With so many problems facing engineers and astronauts, it sometimes seems like this whole cosmic exploration thing really isn’t worth it. Fortunately, pro scientists and amateurs alike are putting their heads together to solve even the most challenging issues, often with enormous implications for the future of mankind.
The Hedgehog Comet-Hopper
As the Philae lander recently proved, landing on a comet is exceptionally tricky. Navigating across the surface of a comet? That’s a whole new problem. On a cosmic scale, comets are pebbles at best, and their paltry gravity doesn’t usually allow for terrestrial activities like moving around. A hearty sneeze could push one into orbit, and even wheels are rendered useless, making rovers unfeasible for comet exploration. Instead, NASA has revealed concepts for a smaller probe which can roll or launch itself in the low-gravity conditions. The Hedgehog robots, as they’re whimsically called, are basically cubes with spikes fastened at each corner.
These spikes not only protect the delicate scientific instruments within but also act as feet, using internal flywheels to launch the Hedgehog across the comet. When finesse is required, the Hedgehog can roll itself like a tumbleweed over smaller distances. The robots have already passed several microgravity tests aboard NASA’s C-9 aircraft and have proved themselves equally adept in a variety of simulated terrains. The Hedgehogs are also easy on NASA’s coffers, costing much less than pretty much anything that’s ever landed on a foreign body. And the best part? Watching the Hedgehog perform the “Tornado,” a spastic movement used to extricate the ‘Hog from sticky situations.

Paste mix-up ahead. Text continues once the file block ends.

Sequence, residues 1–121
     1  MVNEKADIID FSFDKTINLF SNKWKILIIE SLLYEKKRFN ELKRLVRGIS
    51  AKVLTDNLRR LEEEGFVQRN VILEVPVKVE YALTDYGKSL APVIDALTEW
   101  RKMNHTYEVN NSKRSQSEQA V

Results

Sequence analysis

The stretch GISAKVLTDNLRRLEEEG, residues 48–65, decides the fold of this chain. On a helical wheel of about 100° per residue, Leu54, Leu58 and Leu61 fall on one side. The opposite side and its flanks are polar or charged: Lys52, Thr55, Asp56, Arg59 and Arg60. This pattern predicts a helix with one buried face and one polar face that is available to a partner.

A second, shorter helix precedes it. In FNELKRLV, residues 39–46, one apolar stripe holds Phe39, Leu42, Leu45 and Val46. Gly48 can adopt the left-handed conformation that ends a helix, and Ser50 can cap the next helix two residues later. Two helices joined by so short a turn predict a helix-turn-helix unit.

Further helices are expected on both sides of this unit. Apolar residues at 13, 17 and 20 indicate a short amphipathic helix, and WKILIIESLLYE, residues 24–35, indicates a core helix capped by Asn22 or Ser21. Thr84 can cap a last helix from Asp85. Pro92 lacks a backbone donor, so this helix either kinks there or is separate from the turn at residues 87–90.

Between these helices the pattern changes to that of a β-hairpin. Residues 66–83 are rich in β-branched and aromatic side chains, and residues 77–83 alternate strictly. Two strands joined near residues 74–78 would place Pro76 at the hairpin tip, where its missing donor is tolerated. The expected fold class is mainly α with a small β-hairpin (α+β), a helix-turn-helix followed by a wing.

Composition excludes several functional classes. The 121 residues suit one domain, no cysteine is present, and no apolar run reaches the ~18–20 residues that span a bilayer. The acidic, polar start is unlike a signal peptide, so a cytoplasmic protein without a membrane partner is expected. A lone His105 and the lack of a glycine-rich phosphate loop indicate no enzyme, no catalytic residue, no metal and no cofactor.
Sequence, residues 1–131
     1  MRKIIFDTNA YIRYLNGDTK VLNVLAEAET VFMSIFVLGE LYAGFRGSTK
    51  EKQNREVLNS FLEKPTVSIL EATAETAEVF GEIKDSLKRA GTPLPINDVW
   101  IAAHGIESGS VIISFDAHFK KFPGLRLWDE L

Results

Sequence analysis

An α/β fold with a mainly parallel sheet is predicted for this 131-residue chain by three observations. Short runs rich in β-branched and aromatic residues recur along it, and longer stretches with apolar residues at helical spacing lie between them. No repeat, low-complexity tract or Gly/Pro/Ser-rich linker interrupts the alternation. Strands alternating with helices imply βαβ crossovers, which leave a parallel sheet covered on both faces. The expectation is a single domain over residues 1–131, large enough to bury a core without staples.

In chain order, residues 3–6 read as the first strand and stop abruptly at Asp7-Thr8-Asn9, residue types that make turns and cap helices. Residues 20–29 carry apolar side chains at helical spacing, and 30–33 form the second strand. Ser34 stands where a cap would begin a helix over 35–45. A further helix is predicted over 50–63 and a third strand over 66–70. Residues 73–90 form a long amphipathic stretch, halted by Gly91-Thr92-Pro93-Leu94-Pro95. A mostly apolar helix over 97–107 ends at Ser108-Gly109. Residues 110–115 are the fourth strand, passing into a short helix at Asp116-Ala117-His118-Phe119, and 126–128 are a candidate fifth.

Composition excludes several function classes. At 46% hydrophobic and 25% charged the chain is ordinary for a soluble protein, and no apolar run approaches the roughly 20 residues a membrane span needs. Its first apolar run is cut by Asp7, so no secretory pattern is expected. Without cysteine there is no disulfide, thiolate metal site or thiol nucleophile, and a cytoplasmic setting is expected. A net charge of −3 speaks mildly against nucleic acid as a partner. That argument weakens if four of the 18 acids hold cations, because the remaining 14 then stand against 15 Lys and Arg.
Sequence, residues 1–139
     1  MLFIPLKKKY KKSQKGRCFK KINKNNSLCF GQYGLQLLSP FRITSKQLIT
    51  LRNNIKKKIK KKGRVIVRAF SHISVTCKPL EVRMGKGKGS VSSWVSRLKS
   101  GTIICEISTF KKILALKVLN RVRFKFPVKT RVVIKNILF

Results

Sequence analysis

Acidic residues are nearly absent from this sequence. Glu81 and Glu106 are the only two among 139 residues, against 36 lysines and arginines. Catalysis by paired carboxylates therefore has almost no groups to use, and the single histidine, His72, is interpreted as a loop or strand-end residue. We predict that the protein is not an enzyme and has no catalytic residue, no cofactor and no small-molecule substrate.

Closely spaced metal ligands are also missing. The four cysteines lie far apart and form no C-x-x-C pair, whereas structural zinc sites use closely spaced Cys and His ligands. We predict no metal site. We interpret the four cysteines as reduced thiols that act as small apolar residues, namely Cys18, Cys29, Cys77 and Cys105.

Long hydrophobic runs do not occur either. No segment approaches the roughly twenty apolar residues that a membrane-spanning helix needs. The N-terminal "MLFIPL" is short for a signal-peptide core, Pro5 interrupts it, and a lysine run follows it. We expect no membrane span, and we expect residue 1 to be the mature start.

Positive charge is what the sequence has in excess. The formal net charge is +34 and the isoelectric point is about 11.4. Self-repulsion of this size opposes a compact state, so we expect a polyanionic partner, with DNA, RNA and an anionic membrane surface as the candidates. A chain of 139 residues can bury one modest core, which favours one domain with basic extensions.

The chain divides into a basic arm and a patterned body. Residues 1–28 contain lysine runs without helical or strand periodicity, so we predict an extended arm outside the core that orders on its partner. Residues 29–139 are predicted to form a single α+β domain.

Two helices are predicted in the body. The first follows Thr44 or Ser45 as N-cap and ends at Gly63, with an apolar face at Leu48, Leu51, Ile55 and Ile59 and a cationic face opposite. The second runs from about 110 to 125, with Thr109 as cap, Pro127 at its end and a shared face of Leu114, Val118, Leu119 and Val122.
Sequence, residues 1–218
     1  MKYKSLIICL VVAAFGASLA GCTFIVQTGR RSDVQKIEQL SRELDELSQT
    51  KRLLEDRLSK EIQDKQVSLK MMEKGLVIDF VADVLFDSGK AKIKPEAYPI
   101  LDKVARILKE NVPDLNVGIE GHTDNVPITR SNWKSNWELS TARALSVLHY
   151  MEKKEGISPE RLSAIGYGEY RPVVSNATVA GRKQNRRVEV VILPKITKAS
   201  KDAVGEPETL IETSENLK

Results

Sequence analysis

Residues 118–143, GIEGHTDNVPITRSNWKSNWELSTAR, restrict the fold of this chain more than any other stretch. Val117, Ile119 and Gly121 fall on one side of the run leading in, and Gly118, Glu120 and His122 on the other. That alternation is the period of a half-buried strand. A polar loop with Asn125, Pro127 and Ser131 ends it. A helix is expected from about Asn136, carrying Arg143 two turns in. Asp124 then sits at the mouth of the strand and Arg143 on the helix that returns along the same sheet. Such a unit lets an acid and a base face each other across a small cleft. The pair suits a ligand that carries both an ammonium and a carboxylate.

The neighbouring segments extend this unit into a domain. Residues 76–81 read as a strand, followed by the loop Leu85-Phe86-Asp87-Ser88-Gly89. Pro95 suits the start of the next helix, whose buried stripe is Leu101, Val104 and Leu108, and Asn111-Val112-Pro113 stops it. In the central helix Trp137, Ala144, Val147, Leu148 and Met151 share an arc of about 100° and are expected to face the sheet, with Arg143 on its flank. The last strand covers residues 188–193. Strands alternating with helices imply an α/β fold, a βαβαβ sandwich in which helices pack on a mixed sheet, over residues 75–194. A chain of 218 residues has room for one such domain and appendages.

Plastic-Producing, Breath-Eating Yeast9- yeast
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Getting supplies to astronauts in deep space is close to impossible, so the solution is to look for a closer source—the astronauts themselves. NASA has recently awarded Clemons University $200,000 to perfect a method of deriving plastics and nutrition from urine and exhaled CO2. Chemical and bioengineering professor Mark Blenner wants to use a combination of yeast and algae to create an inexhaustible source of supplies, including Omega-3 fatty acids, to keep astronauts’ brains healthy.
Yeast is a miraculous organism and can be altered to produce all sorts of useful compounds up to and including plastic polymers, which can be woven into tools in situ, savings tons of dough in launch costs.But to keep the yeast happy, one needs plentiful nitrogen and lipids. Luckily, nitrogen is abundant in urine and readily supplied whenever nature calls. Procuring the delicious lipids is a more laborious prospect. Certain types of algae can manufacture these fatty substances out of carbon, which is itself extracted from the CO2 in the astronauts’ exhalations.
The Swiss Space Janitor
Inattentive teenage drivers and the morbidly obese aren’t the only ones to incur outrageous insurance premiums. As the bubble of space around Earth fills with trash, the danger to satellites increases and insurance rates skyrocket.
To attenuate the risk from hypersonic trash bullets, the cleanest country in the world, Switzerland, is sending up a robotic janitor. CleanSpace One is the name given to a prototypical line of custodial satellites tasked with sucking up the half-million pieces of crud mucking up Earth’s uppermost reaches.
After rendezvousing with a derelict chunk of space equipment at speeds approaching 29,000 kilometers per hour (18,000 mph), the CleanSpace One unit will grab hold with its mechanical arm and dispose of it in the most metal way possible: It will plunge to Earth, disintegrating both itself and the offending refuse in the process.
If all goes according to plan, expect to see these bad boys plying the orbital lanes by 2020.